Is Cloud Computing the Next Big Thing?

Yes. Cloud computing is the next big thing because it can reduce hardware and software costs for both individuals and corporations. Cloud computing is using virtualization and various other technologies to share computer hardware and software resources on the internet. For more information, see Cloud Computing (Wikipedia).


Although a ‘cloud computer’ appears to other computers on the internet as single computer or server, it usually consists of multiple servers running at multiple locations. Cloud computing might eventually expand data storage for supercomputers. For example, see San Diego Supercomputer Center Begins Cloud Computing Research.

Some people think that ‘cloud computing’ is an unnecessary term because it describes existing technologies. For example, see Why ‘Cloud Computing’ is for the Birds. However, despite corporations over-using the term ‘cloud computing’ in their sales hype, it is probably valid precisely because it can refer to one or more computer-sharing technologies, sometimes in new combinations. Moreover, in everyday English, we (especially young people) are more frequently using the term ‘cloud computing,’ and generally understanding its meaning.

Advantages of Cloud Computing

Cloud computing can be advantageous for both individuals and corporations.

Advantages for Individuals – For individuals, cloud computing can mean buying less-expensive personal computers (PCs and Macs). For example, if you buy an expensive computer that lets you run equally expensive software, it might soon be so obsolete that you need an even newer computer so that you can upgrade to newer software. To help break this cycle, you can buy a not-so-expensive computer, such as a netbook, and then access free online applications, such as Google Apps or Zoho Productivity Apps. These include:

  • Email programs
  • Word processors
  • Spreadsheets
  • Presentation slide shows

Beyond using cloud computing to access online applications, you can set up an online personal virtual computer, also called a virtual desktop. After you set up a virtual computer, you can do almost everything that you can do with a physical personal computer. Here are two free virtual-computer websites:

CAUTION: Although you can access your online applications or virtual computer from any computer, you should NEVER do so through any computer in an internet cafe or computer kiosk. To avoid risking your identity and your money through using public computers, buy a laptop or netbook computer. For more information, see Are Internet Cafes Truly Safe?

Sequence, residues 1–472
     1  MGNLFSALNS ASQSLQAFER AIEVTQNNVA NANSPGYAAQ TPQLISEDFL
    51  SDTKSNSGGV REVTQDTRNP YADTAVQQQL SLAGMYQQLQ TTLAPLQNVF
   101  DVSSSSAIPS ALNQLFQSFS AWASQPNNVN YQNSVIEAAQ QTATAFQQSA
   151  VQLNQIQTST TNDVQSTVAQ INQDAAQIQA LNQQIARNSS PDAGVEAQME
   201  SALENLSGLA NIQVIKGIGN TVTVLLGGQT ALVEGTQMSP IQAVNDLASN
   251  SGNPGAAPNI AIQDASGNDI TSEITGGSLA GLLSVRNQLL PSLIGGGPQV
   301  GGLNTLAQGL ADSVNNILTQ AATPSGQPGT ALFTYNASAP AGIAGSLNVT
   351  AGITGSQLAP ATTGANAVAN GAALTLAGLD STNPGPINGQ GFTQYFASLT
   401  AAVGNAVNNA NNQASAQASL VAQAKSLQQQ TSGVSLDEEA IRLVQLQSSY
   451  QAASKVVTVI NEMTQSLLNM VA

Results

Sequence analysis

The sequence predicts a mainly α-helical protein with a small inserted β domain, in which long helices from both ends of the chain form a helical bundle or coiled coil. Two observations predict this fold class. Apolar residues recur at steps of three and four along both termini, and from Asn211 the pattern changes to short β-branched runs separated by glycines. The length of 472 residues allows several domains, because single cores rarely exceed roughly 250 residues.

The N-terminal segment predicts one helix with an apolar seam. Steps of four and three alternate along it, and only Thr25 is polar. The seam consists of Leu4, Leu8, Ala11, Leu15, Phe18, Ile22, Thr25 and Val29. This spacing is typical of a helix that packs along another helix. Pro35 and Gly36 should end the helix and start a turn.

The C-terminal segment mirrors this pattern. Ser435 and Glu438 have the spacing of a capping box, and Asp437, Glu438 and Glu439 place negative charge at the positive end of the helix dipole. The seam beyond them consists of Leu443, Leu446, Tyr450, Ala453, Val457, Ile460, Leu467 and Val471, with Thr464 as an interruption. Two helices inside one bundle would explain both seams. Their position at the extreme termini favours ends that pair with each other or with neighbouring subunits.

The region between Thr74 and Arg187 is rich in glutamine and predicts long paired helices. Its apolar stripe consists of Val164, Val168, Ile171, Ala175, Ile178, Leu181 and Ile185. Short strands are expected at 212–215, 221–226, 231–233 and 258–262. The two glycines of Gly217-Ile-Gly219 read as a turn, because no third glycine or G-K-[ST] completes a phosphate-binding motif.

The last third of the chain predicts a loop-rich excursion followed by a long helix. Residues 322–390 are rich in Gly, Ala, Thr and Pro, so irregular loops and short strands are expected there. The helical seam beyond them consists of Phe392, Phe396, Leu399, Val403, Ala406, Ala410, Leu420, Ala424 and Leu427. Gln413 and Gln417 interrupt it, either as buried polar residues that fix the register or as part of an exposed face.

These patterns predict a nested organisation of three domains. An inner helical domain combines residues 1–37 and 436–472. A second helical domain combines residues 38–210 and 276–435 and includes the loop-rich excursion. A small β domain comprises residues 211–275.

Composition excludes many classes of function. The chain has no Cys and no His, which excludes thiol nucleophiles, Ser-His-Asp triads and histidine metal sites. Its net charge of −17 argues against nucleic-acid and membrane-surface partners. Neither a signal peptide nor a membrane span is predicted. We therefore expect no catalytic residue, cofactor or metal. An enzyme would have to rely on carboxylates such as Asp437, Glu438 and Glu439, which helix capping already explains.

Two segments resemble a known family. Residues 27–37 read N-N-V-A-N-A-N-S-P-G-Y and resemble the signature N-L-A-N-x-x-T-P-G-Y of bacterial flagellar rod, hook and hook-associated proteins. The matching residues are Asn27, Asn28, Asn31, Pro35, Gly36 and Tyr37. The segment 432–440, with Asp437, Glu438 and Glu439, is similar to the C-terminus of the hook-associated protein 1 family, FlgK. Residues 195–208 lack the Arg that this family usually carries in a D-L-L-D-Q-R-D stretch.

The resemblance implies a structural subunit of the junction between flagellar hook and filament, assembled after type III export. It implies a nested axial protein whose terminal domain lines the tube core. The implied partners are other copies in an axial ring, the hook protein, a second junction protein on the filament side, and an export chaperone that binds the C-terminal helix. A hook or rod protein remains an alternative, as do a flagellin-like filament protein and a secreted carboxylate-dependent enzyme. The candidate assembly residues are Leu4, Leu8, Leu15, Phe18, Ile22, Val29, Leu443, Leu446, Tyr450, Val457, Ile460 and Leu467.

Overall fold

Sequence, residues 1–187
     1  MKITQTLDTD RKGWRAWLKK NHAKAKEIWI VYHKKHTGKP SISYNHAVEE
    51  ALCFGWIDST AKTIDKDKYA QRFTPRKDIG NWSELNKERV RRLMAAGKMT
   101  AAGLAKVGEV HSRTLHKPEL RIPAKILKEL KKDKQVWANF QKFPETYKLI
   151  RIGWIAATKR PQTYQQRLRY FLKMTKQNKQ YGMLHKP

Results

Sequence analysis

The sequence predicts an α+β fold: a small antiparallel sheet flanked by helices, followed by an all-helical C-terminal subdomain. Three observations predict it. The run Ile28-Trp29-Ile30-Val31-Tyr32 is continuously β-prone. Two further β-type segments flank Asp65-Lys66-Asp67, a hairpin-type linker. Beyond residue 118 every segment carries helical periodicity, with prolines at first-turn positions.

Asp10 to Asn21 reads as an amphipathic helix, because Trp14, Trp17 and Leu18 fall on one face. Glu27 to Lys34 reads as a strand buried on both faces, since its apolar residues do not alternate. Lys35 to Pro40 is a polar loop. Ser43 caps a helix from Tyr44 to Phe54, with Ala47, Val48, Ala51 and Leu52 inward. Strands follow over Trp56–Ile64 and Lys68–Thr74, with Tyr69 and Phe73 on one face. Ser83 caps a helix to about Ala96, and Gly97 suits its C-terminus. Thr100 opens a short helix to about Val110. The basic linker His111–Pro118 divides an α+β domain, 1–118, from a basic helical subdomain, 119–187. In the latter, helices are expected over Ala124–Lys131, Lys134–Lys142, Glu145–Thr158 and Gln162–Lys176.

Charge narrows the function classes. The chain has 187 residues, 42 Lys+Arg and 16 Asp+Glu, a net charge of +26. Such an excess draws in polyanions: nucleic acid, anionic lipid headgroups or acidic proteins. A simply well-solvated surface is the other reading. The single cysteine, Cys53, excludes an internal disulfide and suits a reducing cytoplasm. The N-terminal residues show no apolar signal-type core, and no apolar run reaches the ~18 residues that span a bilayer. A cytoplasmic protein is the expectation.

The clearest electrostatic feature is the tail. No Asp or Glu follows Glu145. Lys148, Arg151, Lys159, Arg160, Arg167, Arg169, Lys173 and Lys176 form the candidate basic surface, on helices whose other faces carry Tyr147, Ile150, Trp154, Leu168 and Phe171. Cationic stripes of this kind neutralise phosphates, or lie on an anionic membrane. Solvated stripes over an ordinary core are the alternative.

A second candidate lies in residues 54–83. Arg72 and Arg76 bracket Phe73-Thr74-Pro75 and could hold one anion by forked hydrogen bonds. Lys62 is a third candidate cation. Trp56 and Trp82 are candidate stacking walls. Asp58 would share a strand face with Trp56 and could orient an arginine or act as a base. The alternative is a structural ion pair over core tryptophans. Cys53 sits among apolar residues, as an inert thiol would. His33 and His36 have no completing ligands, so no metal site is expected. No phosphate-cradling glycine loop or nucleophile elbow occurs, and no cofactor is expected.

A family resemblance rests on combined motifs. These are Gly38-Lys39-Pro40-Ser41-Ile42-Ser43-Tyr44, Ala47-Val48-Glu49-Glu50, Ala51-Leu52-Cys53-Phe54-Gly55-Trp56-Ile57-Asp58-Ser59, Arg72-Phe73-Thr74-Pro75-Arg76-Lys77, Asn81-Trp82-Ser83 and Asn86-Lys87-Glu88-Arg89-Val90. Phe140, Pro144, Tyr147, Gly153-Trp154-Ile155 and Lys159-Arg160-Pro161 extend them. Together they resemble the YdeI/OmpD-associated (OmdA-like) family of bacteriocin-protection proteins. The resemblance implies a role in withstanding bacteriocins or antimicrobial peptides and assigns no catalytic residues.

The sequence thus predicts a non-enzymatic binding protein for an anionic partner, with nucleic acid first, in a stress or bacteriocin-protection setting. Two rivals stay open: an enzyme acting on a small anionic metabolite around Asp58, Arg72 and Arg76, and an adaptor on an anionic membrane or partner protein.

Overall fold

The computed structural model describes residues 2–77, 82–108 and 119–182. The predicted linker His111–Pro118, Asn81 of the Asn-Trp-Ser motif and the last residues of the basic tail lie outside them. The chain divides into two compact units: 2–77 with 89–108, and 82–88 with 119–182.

Note: Cloud computing cannot yet fully replace all applications that you can run on a personal computer. For example, when you need to write a long document, such as a manual, you might find online word processors inadequate. You might need a more-powerful word processor, such as Microsoft Word or OpenOffice.org Writer. For more information, see Using OpenOffice.org to Write Manuals.

Advantages for Corporations – For corporations, cloud computing can mean buying fewer (or no) servers, and instead renting computer-processing and storage services from cloud-computing vendors. Through cloud computing, corporations can save money by paying for only those services that they actually use. Additionally, they can swiftly acquire new software applications as necessary. Even during this recession (October, 2009), providing cloud-computing services to corporations is a growth industry.

Disadvantages of Cloud Computing

Cloud computing has two major disadvantages: Potential reliability problems, and rapidly changing technologies.

Potential Reliability Problems – Hardware can fail at any time. Therefore, both individuals and corporations need to make sure that their online data is both secure and non-volatile.

Individuals should download copies of their most-important documents. You can download to your computer and/or its external media.

Corporations need to choose cloud-computing vendors carefully. Saving money by selecting the lowest bidder might be catastrophic. Good cloud-computing vendors provide reliable backups. Ideally, each cloud-computing server is actually two linked servers running in parallel. When either server fails, the other takes over and runs alone until IT personnel repair the failed server.

Rapidly Changing Technologies – While cloud-computing technologies are still evolving through their early-development stages, they must make changes. Therefore, both individuals and corporations need to expect those changes.

As an individual, you need to pay attention to all website notices and emails from your online-application vendor(s). Changing technologies might affect how you use your online applications and/or store your files.

Changing technologies can affect how rapidly a corporation can, or should, transfer its in-house computing systems to cloud computing. For example, after your IT team finishes moving one department to ‘the cloud,’ they might need to learn some new technologies before working with the next department.


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